The healthcare sector went on a tear beginning in 2011, thanks in large part to the passage of the Affordable Care Act and its impending implementat
Thursday, 19 January 2017
Last updated 52 min ago
Jan 25 2010 | 9:18am ET
The trader that brought down hedge fund Amaranth Advisor tried to manipulate the natural gas market, an administrative law judge has ruled.
Brian Hunter, whose bad bets on natural gas cost Amaranth more than $6 billion in just a week in August 2006, leading to the demise of the firm a month later, intended to manipulate the price of natural gas futures contracts on the New York Mercantile Exchange in the first half of 2006, Judge Carmen Cintron ruled. The judge called Hunter’s explanations of his actions not credible.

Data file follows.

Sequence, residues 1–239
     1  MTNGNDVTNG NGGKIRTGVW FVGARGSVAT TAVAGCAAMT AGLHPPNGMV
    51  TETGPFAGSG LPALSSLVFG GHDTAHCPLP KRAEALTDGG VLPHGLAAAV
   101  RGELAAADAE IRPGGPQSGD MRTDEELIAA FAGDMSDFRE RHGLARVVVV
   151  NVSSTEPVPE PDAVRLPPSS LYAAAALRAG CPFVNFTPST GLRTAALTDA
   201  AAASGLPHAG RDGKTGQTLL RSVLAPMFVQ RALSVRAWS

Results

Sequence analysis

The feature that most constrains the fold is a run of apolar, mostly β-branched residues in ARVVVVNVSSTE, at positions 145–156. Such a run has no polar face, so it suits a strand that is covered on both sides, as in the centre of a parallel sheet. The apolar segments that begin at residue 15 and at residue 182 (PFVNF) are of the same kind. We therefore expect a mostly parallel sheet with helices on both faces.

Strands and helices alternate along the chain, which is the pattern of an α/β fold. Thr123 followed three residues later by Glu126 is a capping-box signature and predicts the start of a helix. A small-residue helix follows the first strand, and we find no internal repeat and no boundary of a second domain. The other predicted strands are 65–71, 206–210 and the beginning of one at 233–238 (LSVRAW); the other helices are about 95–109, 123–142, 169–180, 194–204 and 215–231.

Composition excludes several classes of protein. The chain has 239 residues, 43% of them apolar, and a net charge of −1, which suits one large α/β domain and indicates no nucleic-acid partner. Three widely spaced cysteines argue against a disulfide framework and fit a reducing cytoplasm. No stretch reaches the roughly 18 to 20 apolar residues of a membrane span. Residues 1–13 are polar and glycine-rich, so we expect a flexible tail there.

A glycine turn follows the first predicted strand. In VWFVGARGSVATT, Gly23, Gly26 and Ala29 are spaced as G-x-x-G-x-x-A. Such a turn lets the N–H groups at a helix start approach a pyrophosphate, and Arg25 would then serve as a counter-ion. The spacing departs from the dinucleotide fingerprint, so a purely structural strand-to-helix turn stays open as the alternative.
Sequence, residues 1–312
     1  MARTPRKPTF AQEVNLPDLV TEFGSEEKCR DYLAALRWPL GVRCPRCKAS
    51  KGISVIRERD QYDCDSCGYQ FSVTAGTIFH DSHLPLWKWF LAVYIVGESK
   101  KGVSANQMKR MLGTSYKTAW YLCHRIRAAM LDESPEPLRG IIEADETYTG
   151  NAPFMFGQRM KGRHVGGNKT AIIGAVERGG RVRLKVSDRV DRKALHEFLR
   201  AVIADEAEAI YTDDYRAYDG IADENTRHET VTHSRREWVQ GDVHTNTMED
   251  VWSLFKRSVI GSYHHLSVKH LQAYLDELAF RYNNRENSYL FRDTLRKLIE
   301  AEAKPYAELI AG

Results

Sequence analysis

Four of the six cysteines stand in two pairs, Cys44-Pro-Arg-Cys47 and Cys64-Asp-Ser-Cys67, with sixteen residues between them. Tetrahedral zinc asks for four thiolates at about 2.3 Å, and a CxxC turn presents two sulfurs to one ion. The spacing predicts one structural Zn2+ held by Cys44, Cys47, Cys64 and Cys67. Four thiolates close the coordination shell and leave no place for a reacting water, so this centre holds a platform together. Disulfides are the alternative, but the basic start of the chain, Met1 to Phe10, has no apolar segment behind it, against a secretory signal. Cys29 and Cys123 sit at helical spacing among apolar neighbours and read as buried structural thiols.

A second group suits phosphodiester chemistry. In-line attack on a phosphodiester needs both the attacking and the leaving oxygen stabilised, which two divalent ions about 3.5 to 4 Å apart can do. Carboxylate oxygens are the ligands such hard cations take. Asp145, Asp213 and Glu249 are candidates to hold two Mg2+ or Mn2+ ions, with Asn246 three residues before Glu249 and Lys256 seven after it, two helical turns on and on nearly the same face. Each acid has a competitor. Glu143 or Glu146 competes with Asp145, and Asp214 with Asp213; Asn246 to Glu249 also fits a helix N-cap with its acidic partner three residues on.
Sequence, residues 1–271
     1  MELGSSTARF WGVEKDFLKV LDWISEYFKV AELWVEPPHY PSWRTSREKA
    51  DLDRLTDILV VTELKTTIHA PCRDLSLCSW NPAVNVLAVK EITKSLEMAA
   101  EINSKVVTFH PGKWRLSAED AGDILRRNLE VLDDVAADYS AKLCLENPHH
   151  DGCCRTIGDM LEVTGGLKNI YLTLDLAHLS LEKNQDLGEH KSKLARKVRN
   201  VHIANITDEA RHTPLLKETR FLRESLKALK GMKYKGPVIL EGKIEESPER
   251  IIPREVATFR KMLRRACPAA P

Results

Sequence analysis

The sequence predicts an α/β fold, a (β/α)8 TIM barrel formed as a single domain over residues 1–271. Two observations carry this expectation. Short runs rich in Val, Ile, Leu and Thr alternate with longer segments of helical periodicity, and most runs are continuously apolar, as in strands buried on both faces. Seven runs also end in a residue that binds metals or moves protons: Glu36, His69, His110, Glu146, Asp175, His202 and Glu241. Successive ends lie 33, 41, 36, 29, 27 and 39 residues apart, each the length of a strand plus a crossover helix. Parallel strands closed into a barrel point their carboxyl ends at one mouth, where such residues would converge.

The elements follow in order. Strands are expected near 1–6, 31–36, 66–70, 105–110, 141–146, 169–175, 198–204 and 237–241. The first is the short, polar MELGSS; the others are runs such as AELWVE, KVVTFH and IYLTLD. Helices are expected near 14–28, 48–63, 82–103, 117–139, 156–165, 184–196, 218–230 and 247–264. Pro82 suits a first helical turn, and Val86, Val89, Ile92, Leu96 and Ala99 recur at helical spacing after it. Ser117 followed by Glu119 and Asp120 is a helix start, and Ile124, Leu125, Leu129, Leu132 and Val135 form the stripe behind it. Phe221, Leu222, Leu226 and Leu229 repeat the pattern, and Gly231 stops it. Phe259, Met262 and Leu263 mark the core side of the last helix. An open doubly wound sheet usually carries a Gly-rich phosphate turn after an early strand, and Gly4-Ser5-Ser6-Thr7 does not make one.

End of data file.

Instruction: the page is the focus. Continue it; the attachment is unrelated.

Cintron’s ruling now moves on to the full Federal Energy Regulatory Commission, which brought the attempted market manipulation charges in 2007. A final ruling could come in about two months, although that’s not likely to be the end of the story.
Hunter’s trading “was specifically designed to lower the NYMEX price in order to benefit his swap positions on other exchanges,” Cintron wrote.
Hunter’s lawyer, Matthew Menchel, promised to appeal FERC’s decision.
“The FERC should never have presided over this matter which is outside its competence and jurisdiction,” Menchel said. “Its decision means nothing in our view, and the FERC will have to accept the consequences when we get to the D.C. Circuit, which the FERC has been trying to avoid for the last few years.”